#6 TEO

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Posted 21 June 2012 - 06:02 PM

Do kids still get D.A.R.E. certificates after training in school these days?

#7 ashleyoverdrive

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Posted 21 June 2012 - 06:09 PM

Do kids still get D.A.R.E. certificates after training in school these days?


I did, and I got a nifty t-shirt that I proceeded to designate as my "hair dying" shirt come high school haha. DARE was good about teaching me all about drugs...and how to identify them...and where to buy them...
Ironically, the classroom that we had our DARE lessons in belonged to the teacher who smoked like a chimney.

#8 bigtoddy

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Posted 21 June 2012 - 06:24 PM

Can't help you with the little kids, but the teenagers I've taken a "Not now" approach. I truly believe that its not good for the developing brain and that it hurts their development socially, emotionally, and otherwise mentally. There's plenty of time to do this stuff when your brain is settled in.
I've always taught honesty is the best policy, and I practice what I preach. On top of that, my issues with distrusting authority all stem from the lies they told me about this, I don't want to be part of the problem.
They're old enough to keep their mouths shut out and about, as they have friends and acquaintances who are doing much worse and understand the dynamics of law enforcement (the are not your friends).

#9 Lazy Lightning

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Posted 22 June 2012 - 12:25 AM

That is a GREAT book - good find!

Be very careful about your kid talking to others about this. I have known someone who had the Children's Aide called on them after their kid mentioned that their parents smoked. People sometimes get way too involved trying to do the "right thing" and inadvertently tear apart a functioning family for the silliest reasons.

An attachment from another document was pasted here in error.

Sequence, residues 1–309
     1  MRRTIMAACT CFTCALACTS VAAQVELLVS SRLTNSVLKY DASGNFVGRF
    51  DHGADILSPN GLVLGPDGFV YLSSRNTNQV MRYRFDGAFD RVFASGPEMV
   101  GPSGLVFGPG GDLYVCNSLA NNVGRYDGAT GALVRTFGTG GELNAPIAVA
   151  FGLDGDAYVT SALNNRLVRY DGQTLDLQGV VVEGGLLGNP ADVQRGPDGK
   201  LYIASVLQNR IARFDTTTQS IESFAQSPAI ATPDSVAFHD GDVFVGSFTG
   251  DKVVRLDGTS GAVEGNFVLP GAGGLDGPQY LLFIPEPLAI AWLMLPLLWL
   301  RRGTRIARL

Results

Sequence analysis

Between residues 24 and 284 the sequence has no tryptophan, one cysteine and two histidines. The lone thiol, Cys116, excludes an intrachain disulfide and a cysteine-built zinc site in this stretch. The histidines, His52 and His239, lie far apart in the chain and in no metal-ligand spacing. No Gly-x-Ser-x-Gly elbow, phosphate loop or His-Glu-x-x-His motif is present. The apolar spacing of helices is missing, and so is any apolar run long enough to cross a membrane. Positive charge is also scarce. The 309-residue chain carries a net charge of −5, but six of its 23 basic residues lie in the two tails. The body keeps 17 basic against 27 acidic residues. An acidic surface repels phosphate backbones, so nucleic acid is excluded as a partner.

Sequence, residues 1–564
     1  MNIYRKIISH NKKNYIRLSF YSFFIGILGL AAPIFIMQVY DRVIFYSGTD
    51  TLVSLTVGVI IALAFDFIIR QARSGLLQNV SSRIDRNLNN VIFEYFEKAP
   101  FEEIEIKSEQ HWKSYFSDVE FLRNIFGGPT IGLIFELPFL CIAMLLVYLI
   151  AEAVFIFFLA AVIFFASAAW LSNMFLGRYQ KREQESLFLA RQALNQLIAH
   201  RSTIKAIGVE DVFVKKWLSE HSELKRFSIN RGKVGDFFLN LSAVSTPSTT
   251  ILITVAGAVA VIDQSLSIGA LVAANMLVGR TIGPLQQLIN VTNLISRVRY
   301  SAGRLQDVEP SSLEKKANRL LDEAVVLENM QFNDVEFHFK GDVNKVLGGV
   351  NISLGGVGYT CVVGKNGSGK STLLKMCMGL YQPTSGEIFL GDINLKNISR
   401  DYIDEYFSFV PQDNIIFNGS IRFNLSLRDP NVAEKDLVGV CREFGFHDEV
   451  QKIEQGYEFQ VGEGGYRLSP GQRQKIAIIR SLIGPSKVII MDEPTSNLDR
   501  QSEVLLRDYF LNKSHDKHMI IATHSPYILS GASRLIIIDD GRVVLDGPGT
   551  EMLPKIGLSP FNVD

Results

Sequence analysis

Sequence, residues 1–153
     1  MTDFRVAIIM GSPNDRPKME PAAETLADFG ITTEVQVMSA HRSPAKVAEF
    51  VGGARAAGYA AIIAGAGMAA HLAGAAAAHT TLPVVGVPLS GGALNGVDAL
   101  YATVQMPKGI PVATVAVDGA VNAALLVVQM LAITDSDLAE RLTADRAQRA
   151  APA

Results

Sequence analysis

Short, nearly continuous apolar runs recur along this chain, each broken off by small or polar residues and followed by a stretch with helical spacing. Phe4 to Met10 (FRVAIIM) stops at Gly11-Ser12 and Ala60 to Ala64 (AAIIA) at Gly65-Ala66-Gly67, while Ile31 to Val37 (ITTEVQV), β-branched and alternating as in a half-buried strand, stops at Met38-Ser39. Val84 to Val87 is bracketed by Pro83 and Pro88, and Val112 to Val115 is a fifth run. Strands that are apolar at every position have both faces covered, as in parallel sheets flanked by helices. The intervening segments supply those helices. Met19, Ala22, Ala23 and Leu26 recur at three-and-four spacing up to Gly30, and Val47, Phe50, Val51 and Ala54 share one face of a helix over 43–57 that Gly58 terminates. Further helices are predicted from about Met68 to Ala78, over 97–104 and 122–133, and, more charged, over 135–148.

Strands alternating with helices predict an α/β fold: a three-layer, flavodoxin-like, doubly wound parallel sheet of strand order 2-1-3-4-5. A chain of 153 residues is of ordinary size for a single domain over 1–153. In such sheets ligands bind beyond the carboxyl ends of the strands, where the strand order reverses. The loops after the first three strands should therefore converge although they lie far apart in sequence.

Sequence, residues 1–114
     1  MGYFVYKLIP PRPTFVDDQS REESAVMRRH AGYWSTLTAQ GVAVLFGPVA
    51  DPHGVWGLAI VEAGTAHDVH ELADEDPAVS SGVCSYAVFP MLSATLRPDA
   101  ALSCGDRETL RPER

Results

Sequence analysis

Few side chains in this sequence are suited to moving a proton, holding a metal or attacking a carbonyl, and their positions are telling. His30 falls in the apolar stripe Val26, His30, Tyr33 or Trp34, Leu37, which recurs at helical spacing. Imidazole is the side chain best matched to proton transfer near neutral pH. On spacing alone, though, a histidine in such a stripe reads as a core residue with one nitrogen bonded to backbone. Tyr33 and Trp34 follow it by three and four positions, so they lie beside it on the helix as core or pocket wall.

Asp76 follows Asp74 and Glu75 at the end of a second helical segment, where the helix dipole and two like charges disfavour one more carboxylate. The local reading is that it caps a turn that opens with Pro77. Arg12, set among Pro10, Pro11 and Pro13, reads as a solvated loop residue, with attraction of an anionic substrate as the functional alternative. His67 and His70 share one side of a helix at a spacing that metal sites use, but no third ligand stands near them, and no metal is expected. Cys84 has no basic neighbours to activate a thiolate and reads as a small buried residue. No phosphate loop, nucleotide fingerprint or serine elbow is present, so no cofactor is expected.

Not sure how you can communicate that this has to be a secret, b/c secrets are so tempting to share when you are a kid - it's surely a sticky sort of situation.

Best of fortune with it all!

#10 gregoir

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Posted 22 June 2012 - 03:23 AM

As an educator I would suggest taking a drugs are bad stance with your kids at the age they are. They are young and while you may want them to have a certain point of view you don't want them talking about what mommy and daddy do in school. It can lead to trouble. As they grow older it would probably be a wiser time to address the topic.

#11 Eco

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Posted 22 June 2012 - 03:52 AM

Good topic! While I'm a closet smoker, I will come clean if confronted by my kids. It's a natural herb for adults that lets them cure ailments along with meditating to be closer to Jah/god whatever you call him. My kids have smelt it since they were born since almost all of my neighbors walk around smoking......

Along the same note, it seems like most of the neighborhood kids started at 12 years old and I really don't want kids to start at that age....but better than finding them with a bottle or a needle.

#12 Mama Kel

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Posted 23 June 2012 - 11:10 PM

I've addressed it as like beer or wine, it's something for adults and left it at that. I rarely smoke these days & don't think my kids have seen me. I usually wait till their asleep b/c I'm a lightweight these days & it kicks my ass! :lol: but I do smoke cigs after a few beers & they've seen that. Frank smokes cigars when having a few beers too.

Cate is getting old enough that it bothers her so I try to hide it. I really should fully quit the cigs :( But my approach to all of it is, that adults can eat, drink, smoke things that kids can't (soda also falls into this category! :lol:) . Keep it simple for a 5 year old. I grew up in a strict Irish Catholic house where explanations were not necessary for kids, things were not 'taught' or explained to me. So no reference there.

You can encourage the difference between public info & private family info. But I can tell you as an Early Childhood teacher, we know almost everything! :afro:

Good luck

#13 sarah b.

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Posted 06 July 2012 - 03:06 AM

What gregoir said. Kids talk about stuff, and you don't need DYFS coming after you because you wanted to be honest w/your tyke.